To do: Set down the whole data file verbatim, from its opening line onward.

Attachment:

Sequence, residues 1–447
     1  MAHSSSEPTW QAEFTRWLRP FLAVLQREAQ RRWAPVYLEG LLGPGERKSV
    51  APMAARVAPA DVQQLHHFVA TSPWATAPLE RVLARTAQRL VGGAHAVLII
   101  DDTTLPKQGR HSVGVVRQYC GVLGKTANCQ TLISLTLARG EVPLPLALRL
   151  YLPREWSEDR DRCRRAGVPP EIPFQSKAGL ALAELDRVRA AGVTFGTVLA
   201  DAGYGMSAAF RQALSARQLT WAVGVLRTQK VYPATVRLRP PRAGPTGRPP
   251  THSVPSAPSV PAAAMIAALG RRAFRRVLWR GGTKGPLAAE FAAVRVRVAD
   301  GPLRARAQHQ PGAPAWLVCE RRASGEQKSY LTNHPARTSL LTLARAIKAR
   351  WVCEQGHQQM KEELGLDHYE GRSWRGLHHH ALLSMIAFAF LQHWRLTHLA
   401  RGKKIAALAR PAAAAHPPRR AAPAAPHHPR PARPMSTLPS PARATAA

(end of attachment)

Sequence, residues 1–447
     1  MAHSSSEPTW QAEFTRWLRP FLAVLQREAQ RRWAPVYLEG LLGPGERKSV
    51  APMAARVAPA DVQQLHHFVA TSPWATAPLE RVLARTAQRL VGGAHAVLII
   101  DDTTLPKQGR HSVGVVRQYC GVLGKTANCQ TLISLTLARG EVPLPLALRL
   151  YLPREWSEDR DRCRRAGVPP EIPFQSKAGL ALAELDRVRA AGVTFGTVLA
   201  DAGYGMSAAF RQALSARQLT WAVGVLRTQK VYPATVRLRP PRAGPTGRPP
   251  THSVPSAPSV PAAAMIAALG RRAFRRVLWR GGTKGPLAAE FAAVRVRVAD
   301  GPLRARAQHQ PGAPAWLVCE RRASGEQKSY LTNHPARTSL LTLARAIKAR
   351  WVCEQGHQQM KEELGLDHYE GRSWRGLHHH ALLSMIAFAF LQHWRLTHLA
   401  RGKKIAALAR PAAAAHPPRR AAPAAPHHPR PARPMSTLPS PARATAA